A Generous Supply of Spam

 By Shamus Nov 14, 2006 9 comments

This week’s spam harvest is particularly bountiful. I guess the spammers are gearing up for the holiday rush. It’s mostly the same few messages over and over, but once in a while I see something new when I clean out the nets. Today’s catch was a rare fresh-water jumbo spam, which weighed in at an amazing 45 kilobytes! That is a gigantic comment.

Akismet has caught just shy of 24,000 spam since I installed it. Perhaps one in a thousand slips through the net and must be dealt with directly. None of those couple dozen “lucky” ones really got away – I just killed them manually. None of them has survived long enough to be of any use, much less catch the roving eye of the Googlebot. It’s rather amazing. I see a lot of blogs, and I never see successful comment spam.

I can only assume that other people have similar results. I can’t imagine why the spammers keep at it. Perhaps there are lots of abandoned blogs running old blog software that the spamutator can penetrate. Even so, how much of a boost to your page rank can something like that yield? The success rate for comment spam has to be a good deal less than 1 in 10,000. It’s probably closer to 1 in 100,000, and those that do get through are on obscure pages that nobody reads or links, and that Google rates very low. So, 100,000 spams for 1 pointless link? That doesn’t seem like a worthwhile tradeoff.

It actually feels like comment spam is a winnable war. Trackbacks are all but lost, and they more or less own email at this point. But comment spam is manageable. It seems like the low rate of return ought to encourage them to move on to easier targets. The 45 kilobye one seems really crazy. The chances of that making it through are astronomical, and it’s actually large enough that the size will chew through a lot of bandwidth if you’re trying to send a lot. (Which they would have to be.)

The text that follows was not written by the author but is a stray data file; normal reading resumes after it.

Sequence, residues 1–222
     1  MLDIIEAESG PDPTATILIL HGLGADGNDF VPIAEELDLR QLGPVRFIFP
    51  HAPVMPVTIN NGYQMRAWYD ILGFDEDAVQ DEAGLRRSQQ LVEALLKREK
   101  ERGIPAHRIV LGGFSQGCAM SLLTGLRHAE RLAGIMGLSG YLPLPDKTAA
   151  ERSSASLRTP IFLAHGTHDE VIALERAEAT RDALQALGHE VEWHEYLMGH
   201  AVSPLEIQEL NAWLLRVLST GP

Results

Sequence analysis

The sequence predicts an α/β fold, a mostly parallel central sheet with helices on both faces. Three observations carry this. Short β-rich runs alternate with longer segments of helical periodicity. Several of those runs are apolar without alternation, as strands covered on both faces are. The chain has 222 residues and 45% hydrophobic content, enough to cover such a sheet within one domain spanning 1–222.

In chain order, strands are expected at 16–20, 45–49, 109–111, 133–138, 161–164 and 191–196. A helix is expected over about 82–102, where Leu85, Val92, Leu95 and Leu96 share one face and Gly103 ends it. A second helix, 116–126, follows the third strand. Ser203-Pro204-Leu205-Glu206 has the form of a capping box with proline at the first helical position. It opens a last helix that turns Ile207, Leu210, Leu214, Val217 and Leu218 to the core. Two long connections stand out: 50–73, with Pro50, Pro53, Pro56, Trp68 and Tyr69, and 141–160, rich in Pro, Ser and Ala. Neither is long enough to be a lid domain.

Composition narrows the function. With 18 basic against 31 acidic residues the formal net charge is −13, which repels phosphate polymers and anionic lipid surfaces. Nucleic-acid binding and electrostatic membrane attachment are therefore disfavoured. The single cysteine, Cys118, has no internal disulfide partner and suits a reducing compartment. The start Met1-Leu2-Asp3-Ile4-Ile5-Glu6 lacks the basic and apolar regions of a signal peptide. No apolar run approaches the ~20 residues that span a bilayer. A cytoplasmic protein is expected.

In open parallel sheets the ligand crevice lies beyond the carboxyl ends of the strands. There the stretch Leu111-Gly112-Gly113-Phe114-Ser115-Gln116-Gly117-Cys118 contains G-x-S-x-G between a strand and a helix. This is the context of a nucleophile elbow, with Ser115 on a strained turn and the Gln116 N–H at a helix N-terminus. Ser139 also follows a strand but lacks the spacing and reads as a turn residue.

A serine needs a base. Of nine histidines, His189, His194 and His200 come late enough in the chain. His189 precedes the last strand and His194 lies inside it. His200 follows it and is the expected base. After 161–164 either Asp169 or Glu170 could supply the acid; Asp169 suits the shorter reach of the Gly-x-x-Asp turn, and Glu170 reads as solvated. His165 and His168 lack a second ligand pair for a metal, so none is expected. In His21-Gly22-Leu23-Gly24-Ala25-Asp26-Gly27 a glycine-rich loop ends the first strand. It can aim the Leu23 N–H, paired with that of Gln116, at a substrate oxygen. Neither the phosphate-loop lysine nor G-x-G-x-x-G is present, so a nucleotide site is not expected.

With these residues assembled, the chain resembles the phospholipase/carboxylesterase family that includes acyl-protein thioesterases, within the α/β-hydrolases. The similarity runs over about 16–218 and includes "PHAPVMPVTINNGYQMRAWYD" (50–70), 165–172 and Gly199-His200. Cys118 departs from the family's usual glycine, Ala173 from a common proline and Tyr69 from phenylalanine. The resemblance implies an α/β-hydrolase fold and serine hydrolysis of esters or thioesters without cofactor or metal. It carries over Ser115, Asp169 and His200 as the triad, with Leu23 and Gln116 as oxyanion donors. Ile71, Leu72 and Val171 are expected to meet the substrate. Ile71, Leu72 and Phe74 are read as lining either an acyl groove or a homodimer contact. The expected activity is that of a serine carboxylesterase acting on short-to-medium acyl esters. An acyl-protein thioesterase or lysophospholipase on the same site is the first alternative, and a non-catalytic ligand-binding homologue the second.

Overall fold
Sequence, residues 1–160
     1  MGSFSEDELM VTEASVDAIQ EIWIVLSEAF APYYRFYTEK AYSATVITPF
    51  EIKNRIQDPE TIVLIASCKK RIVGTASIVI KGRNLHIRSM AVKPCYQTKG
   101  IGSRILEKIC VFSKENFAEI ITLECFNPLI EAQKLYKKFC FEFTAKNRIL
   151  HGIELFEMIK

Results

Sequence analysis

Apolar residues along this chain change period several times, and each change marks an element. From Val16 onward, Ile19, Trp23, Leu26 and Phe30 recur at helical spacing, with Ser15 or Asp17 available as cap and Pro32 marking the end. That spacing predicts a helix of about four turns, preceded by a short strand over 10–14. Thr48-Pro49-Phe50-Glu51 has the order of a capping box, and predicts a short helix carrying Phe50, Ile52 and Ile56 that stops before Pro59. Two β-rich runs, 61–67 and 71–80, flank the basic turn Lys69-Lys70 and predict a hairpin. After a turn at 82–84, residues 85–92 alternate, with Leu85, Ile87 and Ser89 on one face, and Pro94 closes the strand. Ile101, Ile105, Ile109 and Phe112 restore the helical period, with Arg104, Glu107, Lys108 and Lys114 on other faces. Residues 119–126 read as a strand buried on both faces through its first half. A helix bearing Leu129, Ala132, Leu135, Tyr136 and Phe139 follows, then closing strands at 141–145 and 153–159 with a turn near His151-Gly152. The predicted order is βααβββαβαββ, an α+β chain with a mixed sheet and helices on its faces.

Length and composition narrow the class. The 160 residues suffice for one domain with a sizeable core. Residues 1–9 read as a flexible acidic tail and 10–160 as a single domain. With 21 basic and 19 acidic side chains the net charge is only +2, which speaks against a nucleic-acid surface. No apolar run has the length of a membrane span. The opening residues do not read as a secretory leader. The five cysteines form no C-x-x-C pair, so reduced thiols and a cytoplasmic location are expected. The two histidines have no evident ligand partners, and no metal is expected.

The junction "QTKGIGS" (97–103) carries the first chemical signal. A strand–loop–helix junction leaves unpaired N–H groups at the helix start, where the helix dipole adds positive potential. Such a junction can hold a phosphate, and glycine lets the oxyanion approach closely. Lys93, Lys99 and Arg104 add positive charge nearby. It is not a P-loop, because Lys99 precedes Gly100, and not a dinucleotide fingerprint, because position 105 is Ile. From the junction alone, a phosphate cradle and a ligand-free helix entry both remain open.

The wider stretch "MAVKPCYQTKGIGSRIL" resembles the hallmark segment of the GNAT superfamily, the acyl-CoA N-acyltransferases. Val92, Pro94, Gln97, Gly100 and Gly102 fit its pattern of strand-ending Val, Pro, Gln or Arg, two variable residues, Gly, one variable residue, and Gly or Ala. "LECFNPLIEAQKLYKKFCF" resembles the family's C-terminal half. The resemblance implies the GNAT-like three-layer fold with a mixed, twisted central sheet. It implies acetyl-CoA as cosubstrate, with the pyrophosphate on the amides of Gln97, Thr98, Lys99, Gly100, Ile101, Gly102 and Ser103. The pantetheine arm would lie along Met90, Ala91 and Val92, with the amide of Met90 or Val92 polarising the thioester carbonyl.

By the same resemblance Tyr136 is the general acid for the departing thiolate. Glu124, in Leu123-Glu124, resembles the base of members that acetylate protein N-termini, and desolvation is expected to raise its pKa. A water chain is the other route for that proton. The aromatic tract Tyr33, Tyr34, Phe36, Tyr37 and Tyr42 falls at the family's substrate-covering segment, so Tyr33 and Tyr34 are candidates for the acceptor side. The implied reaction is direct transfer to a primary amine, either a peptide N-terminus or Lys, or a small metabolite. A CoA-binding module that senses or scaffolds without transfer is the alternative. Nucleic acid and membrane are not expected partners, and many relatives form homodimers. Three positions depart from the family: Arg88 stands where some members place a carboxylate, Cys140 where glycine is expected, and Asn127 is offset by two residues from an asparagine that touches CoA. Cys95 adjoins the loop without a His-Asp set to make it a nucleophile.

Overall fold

What makes the whole thing even more insane is that so many of these pages are so transient. I don’t click the links, but occasionally I’ll ping one of them or do a whois on the domain. Usually by the time I look their site is down.

So, to sum up:

  1. A spammer must have some sortware for crawling the blogosphere, finding comment links, and posting comments.
  2. He must infect some PC’s or otherwise swipe some bandwidth for sending these spams If he had to pay for bandwidth – particularly copious upstream bandwidth -the whole thing would be a net loss.
  3. He must send many, many thousands of spams before one slips through the net and reaches a real blog.
  4. When it does, the blog is probably old and abandoned. His spam will sit alongside thousands of other unrelated links, on a low-ranked page that no human ever reads or links.
  5. Perhaps he will enjoy a little boost. Maybe the Googlebot will spot his link and his spam site pagerank will go up a tiny bit.
  6. By the time that happens and someone actually tries to visit the page, he’s been forced out, shut down, blacklisted, or otherwise chased away.

Even assuming he steals the bandwidth and gets his spamifier software for free, it doesn’t seem like it would be worth the effort. You can’t possibly make decent money like this. Not enough to justfy the hassle of running a nomadic website and maintaining the whole operation. That can’t possibly be more profitable than just getting a regular job.

Clearly I must be missing something. People wouldn’t be doing it if they were losing money. I’d love to know how this continues to work for them.

9Nine comments.


  1. *** Dave says: